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June 3, 2021
How to use wild greens in our kitchen

Today, I will talk to you about one of my favorite topics. The wild greens! This unique gift that nature generously offers us, with which we can -truly- do wonders in our kitchen! So, through this blog post, we will see some of the most common wild greens that we can use in cooking and we will discover smart and delicious ways to make them part of our lives. What do you think, shall we get started?

Amaranth greens

This variety of wild greens is considered one of the strongest weeds; nevertheless, it has managed to become a significant part of our cooking. Its fame began in the Mediterranean region, from where it has now begun to travel to many different parts of the world. We can find it in both cultivated and uncultivated places, and pick it from the beginning of summer until autumn. How to cook them: Most people prefer them boiled with lemon. Others like them sauteed, while there are also pie lovers who want to taste them between crispy phyllo along with other herbs.

Beans and greens

Beans and greens by the Greek chef Akis Petretzikis

Purslane

Also known as pigweed, purslane has a dark green color and fleshy leaves. If you want to enjoy it, then, you should look for it from the beginning of summer until autumn. How to cook it: We can use it in a salad or cook it in the pot.

Milk thistle

Also known as Silybum marianum. It is found in European countries and the taste of its leaves (when cooked) is reminiscent of spinach. The main requirement to cook it? Remove its sharp edges. The best part is considered to be its stem, which has quite a good taste while it is said that it is also very nutritious. It’s best to try it in the spring, before it turns tougher. How to cook it: The milk thistle can be consumed both raw and cooked, e.g. in pies or boiled with other greens.

Sow thistle

It is a fairly common weed with green, prickly leaves and a relatively sweet taste. We can look for sow thistle from the beginning of autumn until the end of spring. How to cook it: We can enjoy it boiled with oil and plenty of lemon, or we can use it with various greens and herbs in our pies.

Greek cornmeal pie with greens

Greek cornmeal pie with greens by the Greek chef Akis Petretzikis

Prickly golden fleece

Also known Urospermum picroides, it has long, prickly leaves with a dark green color. It can reach a height of 20-25 cm. It grows in cultivated and uncultivated places and we can pick it from the beginning of autumn until the end of spring. It has a slightly bitter taste. What does that mean? That if you do not prefer bitter greens, you should look for another alternative. How to cook it: We can eat it raw in salads or cooked with plenty of lemon. The best way, though, is to enjoy it in a freshly baked greens pie.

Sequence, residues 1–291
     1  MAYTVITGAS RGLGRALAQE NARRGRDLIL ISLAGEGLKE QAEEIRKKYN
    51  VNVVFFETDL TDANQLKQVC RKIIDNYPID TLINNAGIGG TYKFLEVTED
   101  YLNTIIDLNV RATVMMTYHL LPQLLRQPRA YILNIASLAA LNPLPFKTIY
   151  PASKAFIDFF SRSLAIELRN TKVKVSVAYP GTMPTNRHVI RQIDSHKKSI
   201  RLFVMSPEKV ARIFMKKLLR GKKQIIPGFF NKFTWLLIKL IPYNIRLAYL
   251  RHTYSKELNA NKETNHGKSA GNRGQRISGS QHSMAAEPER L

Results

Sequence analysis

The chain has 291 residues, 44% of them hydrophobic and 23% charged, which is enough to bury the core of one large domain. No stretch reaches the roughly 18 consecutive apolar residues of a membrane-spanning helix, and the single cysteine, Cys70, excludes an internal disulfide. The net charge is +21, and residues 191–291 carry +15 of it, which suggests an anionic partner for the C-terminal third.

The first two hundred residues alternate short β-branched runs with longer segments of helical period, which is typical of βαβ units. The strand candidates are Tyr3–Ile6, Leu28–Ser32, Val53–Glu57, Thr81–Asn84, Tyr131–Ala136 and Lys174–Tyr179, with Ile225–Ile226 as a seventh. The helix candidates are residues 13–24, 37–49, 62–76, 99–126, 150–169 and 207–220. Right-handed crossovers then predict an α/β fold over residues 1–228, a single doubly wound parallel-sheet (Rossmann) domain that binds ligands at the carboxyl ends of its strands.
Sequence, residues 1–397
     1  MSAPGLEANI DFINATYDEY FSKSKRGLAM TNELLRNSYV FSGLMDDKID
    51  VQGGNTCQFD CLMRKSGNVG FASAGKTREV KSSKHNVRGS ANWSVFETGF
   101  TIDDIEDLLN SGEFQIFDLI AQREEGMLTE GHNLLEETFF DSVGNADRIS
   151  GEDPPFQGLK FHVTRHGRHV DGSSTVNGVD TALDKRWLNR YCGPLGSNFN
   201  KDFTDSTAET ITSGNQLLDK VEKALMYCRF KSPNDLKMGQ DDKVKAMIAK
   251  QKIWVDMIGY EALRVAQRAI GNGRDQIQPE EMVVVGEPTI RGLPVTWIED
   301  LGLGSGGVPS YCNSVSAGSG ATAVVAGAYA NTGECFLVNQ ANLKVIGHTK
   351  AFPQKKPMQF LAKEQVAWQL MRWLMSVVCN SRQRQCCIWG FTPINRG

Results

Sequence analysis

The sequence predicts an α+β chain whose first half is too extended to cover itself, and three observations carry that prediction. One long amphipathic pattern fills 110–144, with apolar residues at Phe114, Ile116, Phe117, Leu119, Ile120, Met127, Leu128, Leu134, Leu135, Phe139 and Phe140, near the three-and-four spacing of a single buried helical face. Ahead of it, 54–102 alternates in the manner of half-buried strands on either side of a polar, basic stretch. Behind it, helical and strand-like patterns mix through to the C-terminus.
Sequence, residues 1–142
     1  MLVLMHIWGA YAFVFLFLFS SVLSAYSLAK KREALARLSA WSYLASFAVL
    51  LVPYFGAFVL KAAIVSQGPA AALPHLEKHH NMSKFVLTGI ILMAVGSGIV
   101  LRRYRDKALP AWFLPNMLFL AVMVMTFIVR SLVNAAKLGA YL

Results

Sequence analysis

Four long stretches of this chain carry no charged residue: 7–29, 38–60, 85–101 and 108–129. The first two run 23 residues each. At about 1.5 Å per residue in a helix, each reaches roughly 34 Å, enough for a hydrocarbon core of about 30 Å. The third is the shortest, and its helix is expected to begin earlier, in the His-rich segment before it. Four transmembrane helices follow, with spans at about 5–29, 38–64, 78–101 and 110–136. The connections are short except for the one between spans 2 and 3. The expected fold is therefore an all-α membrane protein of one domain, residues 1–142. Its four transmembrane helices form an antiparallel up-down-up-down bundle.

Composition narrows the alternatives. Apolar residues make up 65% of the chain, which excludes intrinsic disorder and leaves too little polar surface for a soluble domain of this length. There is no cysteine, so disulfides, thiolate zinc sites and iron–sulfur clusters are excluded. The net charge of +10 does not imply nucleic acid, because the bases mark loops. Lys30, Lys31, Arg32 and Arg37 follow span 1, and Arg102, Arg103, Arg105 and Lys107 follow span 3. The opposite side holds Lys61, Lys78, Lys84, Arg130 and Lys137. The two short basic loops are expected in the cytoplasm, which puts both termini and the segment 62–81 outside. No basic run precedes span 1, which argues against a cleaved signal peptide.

Bur chervil

Its height reaches 20 cm. The part we collect and use is its tops and leaves. We can pick it from winter to spring. How to cook it: Bur chervil has the power to give our spinach pie an inconceivable taste, especially if combined with shepherd’s needles. Finally, if we want to give a more original taste to our white bean soup, we can add a little bur chervil.

Blue mallow

In full growth, it reaches almost 1 meter. We find it in both uncultivated and cultivated places. Its foliage is dense, its leaves are broad, while its flowers are mostly pink. To pick it, we have to look for it from the beginning of winter until spring. How to cook it: Some people use its leaves to wrap dolmades, while others prefer to enjoy it simply boiled.

Wild greens omelet

Wild greens omelet by the Greek chef Akis Petretzikis

Shepherd’s needles

You can also call them beggarticks or butterfly needles. They are harvested from the beginning of winter until spring. What you may not know is that they come from the Caucasus and are related to parsley, although their taste is more like that of dill and licorice. If you try to pick them from a field, you should either be very familiar with the particular green or someone else who should be with you. You see, shepherd’s needles are quite similar to hemlock, a highly toxic plant that is dangerous to humans. How to cook them: They are mainly used in pies, as well as in salads or in homemade sauces.

Bitter dock

The leaves of bitter dock have a dark green color and a slightly sour taste. We can look for it from the beginning of autumn until the end of spring in uncultivated fields and lands. How to cook it: We use it in greens pies, while some people eat it boiled - alone or with meat. Finally, bitter dock, in addition to our pies, can even enhance the taste of a vegetable tart.

Wild chicory

The Cichorium intybus is ready to get into our kitchen from the moment the first rains begin until the end of spring. How to cook it: Some people prefer it boiled, while others combine it with meat.

Savory aromatic pie with homemade phyllo dough

Savory aromatic pie with homemade phyllo dough by the Greek chef Akis Petretzikis

Nettles

It is a tonic herb with strong anti-inflammatory action. Their leaves are collected from autumn to spring. How to cook them: The well-known nettle pie is the first recipe that comes to mind. However, their leaves can be also boiled or sauteed, combined with various other herbs.

Chard

No, it is not spinach, but it is one of the varieties of beetroot. It is cultivated in temperate regions, it likes moist soils, and the only thing that can guarantee its good growth is the very good watering. Its leaves are very large and quite tough, while its flowers are mostly greenish or red. It has a characteristic sweet taste. How to cook it: It is considered a first-class ingredient for salads, while it can enhance the taste of a pie. Finally, many make them as a tomato stew with plenty of herbs, while others choose to accompany them with their legumes.

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